Gulliver: A laboratory crosses borders

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De gauche à droite, Pierre Sens et Florent Krzakala Crédits ESPCI ParisTech
De gauche à droite, Pierre Sens et Florent Krzakala Crédits : ESPCI ParisTech

Pierre Sens et Florent Krzakala are theoretical physicists, both members of the Gulliver Laboratory. This year, they both received an international research grant to develop innovative interdisciplinary projects. From compressed data sensing to cell mobility, a meeting with two scientists who think big in a laboratory specialising in diversity of scales.

Two international funds: a European grant for Florent Krzakala

Florent Krzakala is one of the 2012 recipients of the research grants awarded each year by the European Research Council. “Its sum of one million euros will finance in particular four postdoctorals over the next five years,” explains Florent Krzakala. He first needs to set up this research team. Its aspects? “Interdisciplinary, intercultural, international of course, both very fundamental and very applied, at the crossroads of computing, mathematics and physics.”

About European Research Council grants

Each year, the ERC panel selects individual approaches and proposals “on the sole criterion of the scientific excellence of a researcher and the innovative strength of his or her idea, regardless of nationality, age or field of research”. Each grant is to one person and gives great autonomy to its recipient. In 2011, Sylvain Gigan, teaching researcher at the School, also received an ERC research grant.

This year (2012), Florent Krzakala, armed with encouraging initial scientific results, presented his proposal to the European panel for ERC grants. One panel? More like two! While the portfolio was examined by physicists, he sat the oral before scientists from a different field, namely signal processing. “It’s that my proposal is at the crossroads,” explains Florent Krzakala. “The physicists who examined my initial application decided themselves to call in electronic engineers and mathematicians. As it were, my proposal received double endorsement.”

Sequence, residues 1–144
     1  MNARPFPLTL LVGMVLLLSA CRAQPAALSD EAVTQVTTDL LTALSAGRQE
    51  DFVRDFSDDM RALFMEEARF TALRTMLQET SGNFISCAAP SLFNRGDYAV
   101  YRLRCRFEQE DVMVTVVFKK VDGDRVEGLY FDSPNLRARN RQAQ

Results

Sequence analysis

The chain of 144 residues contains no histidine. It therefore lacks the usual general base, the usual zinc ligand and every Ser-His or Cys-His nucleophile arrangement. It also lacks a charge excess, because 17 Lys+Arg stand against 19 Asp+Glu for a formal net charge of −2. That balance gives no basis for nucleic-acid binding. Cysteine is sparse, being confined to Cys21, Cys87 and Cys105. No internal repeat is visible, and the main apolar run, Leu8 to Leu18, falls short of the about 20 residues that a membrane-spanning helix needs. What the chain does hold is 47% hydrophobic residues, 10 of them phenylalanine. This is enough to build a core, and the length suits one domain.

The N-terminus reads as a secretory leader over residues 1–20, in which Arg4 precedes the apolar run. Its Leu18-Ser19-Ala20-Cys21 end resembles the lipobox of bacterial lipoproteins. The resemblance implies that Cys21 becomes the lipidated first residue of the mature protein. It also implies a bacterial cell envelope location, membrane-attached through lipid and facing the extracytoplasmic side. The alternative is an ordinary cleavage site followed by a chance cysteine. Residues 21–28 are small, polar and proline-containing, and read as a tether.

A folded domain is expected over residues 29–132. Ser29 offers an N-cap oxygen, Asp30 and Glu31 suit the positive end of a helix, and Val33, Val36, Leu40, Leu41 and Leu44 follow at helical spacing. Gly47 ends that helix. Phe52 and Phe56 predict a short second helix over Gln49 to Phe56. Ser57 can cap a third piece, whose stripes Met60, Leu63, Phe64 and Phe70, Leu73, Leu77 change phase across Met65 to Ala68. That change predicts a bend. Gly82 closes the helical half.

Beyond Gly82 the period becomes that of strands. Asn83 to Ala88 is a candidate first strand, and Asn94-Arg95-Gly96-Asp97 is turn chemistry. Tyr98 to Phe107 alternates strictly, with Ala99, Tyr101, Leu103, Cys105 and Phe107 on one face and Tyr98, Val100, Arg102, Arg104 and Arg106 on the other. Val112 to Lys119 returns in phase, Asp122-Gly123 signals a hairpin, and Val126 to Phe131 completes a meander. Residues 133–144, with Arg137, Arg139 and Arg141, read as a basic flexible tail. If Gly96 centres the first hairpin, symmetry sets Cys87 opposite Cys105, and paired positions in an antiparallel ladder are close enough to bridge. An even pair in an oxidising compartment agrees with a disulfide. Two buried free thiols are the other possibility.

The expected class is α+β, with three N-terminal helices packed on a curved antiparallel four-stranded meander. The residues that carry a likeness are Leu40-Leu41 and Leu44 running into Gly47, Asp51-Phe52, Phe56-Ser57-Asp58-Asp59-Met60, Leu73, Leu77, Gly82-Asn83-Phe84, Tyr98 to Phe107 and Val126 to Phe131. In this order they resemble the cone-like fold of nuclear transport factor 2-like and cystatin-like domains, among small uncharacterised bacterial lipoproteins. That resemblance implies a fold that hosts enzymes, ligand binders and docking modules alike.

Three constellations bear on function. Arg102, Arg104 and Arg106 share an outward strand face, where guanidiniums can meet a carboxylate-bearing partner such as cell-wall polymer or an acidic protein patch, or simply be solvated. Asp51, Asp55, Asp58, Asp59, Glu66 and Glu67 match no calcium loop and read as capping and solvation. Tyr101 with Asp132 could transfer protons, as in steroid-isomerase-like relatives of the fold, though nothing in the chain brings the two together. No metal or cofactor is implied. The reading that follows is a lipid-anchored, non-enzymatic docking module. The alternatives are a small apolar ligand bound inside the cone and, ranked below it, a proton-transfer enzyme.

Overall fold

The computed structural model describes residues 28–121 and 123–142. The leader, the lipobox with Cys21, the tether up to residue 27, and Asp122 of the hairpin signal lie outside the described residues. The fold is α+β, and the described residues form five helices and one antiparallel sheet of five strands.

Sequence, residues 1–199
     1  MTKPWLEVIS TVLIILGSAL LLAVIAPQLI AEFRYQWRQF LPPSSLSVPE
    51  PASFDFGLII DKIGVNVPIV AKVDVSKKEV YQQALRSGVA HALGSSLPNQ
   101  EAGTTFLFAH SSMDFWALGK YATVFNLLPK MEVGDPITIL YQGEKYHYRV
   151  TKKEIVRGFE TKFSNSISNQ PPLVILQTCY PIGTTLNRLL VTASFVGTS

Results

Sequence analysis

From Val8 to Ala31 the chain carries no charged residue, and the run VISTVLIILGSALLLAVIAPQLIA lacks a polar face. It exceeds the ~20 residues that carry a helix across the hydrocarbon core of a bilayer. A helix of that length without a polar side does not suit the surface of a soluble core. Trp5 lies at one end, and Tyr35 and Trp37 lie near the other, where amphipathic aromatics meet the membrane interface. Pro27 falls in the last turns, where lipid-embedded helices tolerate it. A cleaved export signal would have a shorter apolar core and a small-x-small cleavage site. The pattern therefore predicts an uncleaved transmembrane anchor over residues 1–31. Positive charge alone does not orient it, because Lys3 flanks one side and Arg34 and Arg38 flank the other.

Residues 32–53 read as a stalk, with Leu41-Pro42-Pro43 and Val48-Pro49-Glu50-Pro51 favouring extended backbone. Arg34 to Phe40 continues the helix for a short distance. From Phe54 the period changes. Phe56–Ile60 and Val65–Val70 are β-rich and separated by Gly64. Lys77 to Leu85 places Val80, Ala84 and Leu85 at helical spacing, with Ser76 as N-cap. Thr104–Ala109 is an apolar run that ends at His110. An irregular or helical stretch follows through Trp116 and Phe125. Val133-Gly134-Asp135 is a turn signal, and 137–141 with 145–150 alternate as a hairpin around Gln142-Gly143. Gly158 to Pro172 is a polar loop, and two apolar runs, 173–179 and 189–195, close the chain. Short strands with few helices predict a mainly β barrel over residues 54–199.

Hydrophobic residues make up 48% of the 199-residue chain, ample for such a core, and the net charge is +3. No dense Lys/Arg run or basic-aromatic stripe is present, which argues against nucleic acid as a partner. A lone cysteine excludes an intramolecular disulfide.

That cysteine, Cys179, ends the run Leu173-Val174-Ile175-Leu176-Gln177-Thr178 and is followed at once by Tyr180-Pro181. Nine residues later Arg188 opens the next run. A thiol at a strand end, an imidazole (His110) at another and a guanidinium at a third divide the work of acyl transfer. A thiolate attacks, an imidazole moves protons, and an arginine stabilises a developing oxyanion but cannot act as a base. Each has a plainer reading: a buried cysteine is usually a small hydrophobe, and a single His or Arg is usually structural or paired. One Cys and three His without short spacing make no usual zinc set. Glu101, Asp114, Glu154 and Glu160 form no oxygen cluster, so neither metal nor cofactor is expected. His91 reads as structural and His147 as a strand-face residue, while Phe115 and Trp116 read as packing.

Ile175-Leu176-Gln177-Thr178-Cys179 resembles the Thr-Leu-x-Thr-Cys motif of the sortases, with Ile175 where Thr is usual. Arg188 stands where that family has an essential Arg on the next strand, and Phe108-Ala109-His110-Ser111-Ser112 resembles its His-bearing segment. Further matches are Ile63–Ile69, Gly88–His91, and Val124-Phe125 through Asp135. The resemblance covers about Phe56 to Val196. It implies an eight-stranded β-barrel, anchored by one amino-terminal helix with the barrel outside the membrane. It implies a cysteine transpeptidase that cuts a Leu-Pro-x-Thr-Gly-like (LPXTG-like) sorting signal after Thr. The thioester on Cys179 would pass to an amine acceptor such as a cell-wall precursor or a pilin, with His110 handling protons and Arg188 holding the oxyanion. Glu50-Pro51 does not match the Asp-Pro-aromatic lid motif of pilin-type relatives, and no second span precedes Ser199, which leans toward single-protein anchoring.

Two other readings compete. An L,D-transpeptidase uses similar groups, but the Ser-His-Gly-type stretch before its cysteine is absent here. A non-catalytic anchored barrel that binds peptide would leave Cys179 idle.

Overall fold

Pierre Sens supported by the Human Frontier Science Program

Pierre Sens similarly presented a research proposal to the panel of another international organisation: the Human Frontier Science Program (HFSP).

About the Human Frontier Science Program

Founded in 1986 on Japanese initiative, this international program finances research into the complex mechanisms of living organisms.
The research is financed at all levels of biological complexity, from biomolecules to interactions between organisms. The grants are awarded for innovative research proposals involving close collaboration between independent teams of researchers, working in different countries and in different disciplines.

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Mission accomplished! Pierre Sens will also benefit from a grant shared with his partners, funding large enough to finance two postdoctorals alongside him for two years. A success which highlights the serious nature of the enterprise: in fact, the HFSP accepts only 10% of proposals put forward. “We combine numerous aspects valued by the panel,” adds Pierre Sens. “In particular, an interdisciplinary international research team including theoretical modelling.”

Next page: Florent Krzakala and his colleagues have solved a problem regarded as insoluble

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